Perhaps unsurprisingly, San Francisco, California came in as the most expensive city on the list. $1 million in retirement savings lasts approximately eight years in San Francisco, which is about half the time that the typical American needs their retirement funds to last.

CityHow long $1 would last (years)Cost-of-living IndexAnnual expenditures
(after using annual Social Security)
Memphis, TN45.376$22,043
El Paso, TX40.381.4$24,789
Wichita, KS39.782.1$25,145
Tulsa, OK38.883.2$25,705
Indianapolis, IN38.683.5$25,857
Milwaukee, WI37.684.9$26,569
Oklahoma City, OK37.385.4$26,824
Columbus, OH37.285.5$26,875
Kansas City, MO36.786.2$27,231
Detroit, MI35.887.6$27,943
Baltimore, MD35.388.2$28,248
Louisville, KY35.388.4$28,349
San Antonio, TX34.489.7$29,011
Omaha, NE34.389.8$29,062
Albuquerque, NM33.691.1$29,723
Tucson, AZ33.391.6$29,977
Jacksonville, FL32.393.5$30,943
New Orleans, LA30.896.3$32,367
Houston, TX30.896.5$32,469
Charlotte, NC29.698.9$33,690
Forth Worth, TX29.399.8$34,148
Arlington, TX28.8100.6$34,554
Philadelphia, PA28.6101.2$34,860
Nashville, TN28.5101.4$34,961
Dallas, TX28.4101.6$35,063
Raleigh, NC28.2102.3$35,419
Fresno, CA28.1102.6$35,572
Phoenix, AZ27.6103.7$36,131
Mesa, AZ27.4104.2$36,385
Colorado Springs, CO27.3104.5$36,538
Virginia Beach, VA26.9105.6$37,097
Minneapolis, MN26.6106.5$37,555
Chicago, IL26.4106.9$37,759
Atlanta, GA26.3107.5$38,064
Las Vegas, NV24.8111.6$40,149
Sacramento, CA22.9118.2$43,506
Austin, TX22.7119.3$44,065
Miami, FL21.7123.1$45,998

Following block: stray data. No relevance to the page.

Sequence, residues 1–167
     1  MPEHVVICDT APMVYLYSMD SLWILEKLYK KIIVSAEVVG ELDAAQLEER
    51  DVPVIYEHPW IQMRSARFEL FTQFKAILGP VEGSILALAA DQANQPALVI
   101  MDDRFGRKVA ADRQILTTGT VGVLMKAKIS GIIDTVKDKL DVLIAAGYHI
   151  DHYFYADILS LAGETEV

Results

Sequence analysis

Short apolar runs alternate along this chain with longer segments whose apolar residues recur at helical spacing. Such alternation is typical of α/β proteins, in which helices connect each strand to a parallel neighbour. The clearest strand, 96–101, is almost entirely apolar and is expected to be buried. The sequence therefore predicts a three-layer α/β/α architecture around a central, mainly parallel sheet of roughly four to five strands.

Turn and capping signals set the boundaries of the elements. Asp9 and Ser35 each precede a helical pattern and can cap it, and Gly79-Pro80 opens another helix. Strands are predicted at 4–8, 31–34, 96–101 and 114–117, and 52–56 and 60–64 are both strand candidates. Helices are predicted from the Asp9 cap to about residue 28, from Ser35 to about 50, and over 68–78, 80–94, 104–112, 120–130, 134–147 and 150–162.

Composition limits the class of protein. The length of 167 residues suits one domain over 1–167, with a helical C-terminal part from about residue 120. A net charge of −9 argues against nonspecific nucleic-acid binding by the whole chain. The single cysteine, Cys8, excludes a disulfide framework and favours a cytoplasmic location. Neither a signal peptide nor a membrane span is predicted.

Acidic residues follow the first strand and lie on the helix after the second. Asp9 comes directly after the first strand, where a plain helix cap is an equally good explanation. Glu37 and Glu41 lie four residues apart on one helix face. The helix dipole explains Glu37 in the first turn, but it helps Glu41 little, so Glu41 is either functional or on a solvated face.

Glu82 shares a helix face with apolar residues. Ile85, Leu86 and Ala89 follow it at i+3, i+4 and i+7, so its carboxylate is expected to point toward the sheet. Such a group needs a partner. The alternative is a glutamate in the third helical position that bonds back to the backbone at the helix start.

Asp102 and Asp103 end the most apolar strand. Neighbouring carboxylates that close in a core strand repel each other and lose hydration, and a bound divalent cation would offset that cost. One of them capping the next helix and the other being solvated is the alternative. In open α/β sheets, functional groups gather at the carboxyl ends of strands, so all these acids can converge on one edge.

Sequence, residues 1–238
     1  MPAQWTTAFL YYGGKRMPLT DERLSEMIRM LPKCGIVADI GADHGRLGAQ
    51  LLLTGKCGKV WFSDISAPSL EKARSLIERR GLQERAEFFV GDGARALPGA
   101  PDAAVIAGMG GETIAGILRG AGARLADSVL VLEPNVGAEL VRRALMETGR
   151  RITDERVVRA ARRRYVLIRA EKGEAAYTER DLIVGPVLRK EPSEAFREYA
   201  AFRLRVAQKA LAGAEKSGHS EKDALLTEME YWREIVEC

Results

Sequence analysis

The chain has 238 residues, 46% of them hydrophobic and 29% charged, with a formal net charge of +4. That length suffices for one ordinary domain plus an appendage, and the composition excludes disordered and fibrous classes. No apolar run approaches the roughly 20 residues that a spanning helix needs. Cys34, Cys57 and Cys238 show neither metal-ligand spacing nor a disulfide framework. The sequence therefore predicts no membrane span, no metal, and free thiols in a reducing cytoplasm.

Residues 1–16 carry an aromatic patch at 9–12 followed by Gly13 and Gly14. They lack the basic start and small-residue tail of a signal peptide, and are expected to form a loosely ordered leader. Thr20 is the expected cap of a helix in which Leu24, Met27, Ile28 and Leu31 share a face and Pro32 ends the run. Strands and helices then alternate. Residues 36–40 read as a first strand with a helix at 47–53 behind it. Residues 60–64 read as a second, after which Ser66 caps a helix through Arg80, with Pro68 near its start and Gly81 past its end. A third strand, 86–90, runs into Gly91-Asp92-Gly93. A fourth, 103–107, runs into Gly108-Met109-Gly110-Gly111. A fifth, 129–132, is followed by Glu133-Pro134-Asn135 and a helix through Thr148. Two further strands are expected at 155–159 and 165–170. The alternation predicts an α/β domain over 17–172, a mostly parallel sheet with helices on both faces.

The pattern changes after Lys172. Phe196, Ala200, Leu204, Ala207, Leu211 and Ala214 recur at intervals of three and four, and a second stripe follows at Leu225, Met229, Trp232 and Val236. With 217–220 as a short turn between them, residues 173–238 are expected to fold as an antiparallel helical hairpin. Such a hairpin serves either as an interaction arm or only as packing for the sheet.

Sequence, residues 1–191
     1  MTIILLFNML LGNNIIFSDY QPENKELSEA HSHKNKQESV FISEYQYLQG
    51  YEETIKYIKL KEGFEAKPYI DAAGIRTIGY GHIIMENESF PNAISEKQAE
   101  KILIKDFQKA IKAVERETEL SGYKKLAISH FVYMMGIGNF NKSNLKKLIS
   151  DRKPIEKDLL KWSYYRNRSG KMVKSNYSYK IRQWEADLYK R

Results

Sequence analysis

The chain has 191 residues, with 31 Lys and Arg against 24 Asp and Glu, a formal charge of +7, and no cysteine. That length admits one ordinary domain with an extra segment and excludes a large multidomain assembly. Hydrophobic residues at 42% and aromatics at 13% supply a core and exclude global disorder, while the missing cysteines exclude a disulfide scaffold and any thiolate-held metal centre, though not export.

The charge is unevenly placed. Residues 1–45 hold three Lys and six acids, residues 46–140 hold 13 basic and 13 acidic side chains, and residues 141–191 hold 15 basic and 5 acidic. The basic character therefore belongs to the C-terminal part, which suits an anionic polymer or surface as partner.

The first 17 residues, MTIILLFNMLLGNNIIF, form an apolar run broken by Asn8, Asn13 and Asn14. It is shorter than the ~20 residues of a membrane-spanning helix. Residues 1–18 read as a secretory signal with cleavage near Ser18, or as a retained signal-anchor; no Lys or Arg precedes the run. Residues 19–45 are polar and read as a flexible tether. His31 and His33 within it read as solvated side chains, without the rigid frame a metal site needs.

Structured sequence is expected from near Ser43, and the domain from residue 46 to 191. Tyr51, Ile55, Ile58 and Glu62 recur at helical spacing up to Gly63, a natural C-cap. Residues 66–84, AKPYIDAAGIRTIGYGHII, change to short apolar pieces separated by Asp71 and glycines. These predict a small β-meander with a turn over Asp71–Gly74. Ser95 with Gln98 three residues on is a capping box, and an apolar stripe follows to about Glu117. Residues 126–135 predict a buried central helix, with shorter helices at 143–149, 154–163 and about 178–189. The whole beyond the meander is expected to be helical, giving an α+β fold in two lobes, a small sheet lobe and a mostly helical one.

Denver, CO20.4128.7$48,846
Portland, OR20.0130.8$49,914
Washington, D.C.16.4152.1$60,747
San Diego, CA15.4160.1$64,816
Long Beach, CA15.3160.4$64,969
Boston, MA15.1162.4$65,986
Seattle. WA14.0172.3$71,021
Los Angeles, CA13.9173.3$71,530
Oakland, CA13.8174.4$72,089
New York, NY12.7187.2$78,599
San Jose, CA10.8214.5$92,484
San Francisco, CA8.3269.3$120,355

A big factor in San Francisco’s high cost of living is its housing costs. According to Sperlings Best Places, housing in San Francisco is almost 6x more expensive than the national average and 3.6x more expensive than in the overall state of California.

Four of the top five most expensive cities on the list are in California, with New York City being the only outlier. NYC is the third most expensive city on the ranking, with $1 million expected to last a retiree about 12.7 years.

On the other end of the spectrum, $1 million in retirement would last 45.3 years in Memphis, Tennessee. That’s about 37 years longer than it would last in San Francisco. In Memphis, housing costs are about 2.7x lower than the national average, with other expenses like groceries, health, and utilities well below the national average as well.

Retirement, Who?

Regardless of where you live, it’s helpful to start planning for retirement sooner rather than later. But according to a recent survey, only 41% of women and 58% of men are actively saving for retirement.

However, for some, COVID-19 has been the financial wake-up call they needed to start planning for the future. In fact, in the same survey, 70% of respondents claimed the pandemic has “caused them to pay more attention to their long-term finances.”

This is good news, considering that people are living longer than they used to, meaning their funds need to last longer in general (or people need to retire later in life). Although, as the data in this graphic suggests, where you live will greatly influence how much you actually need.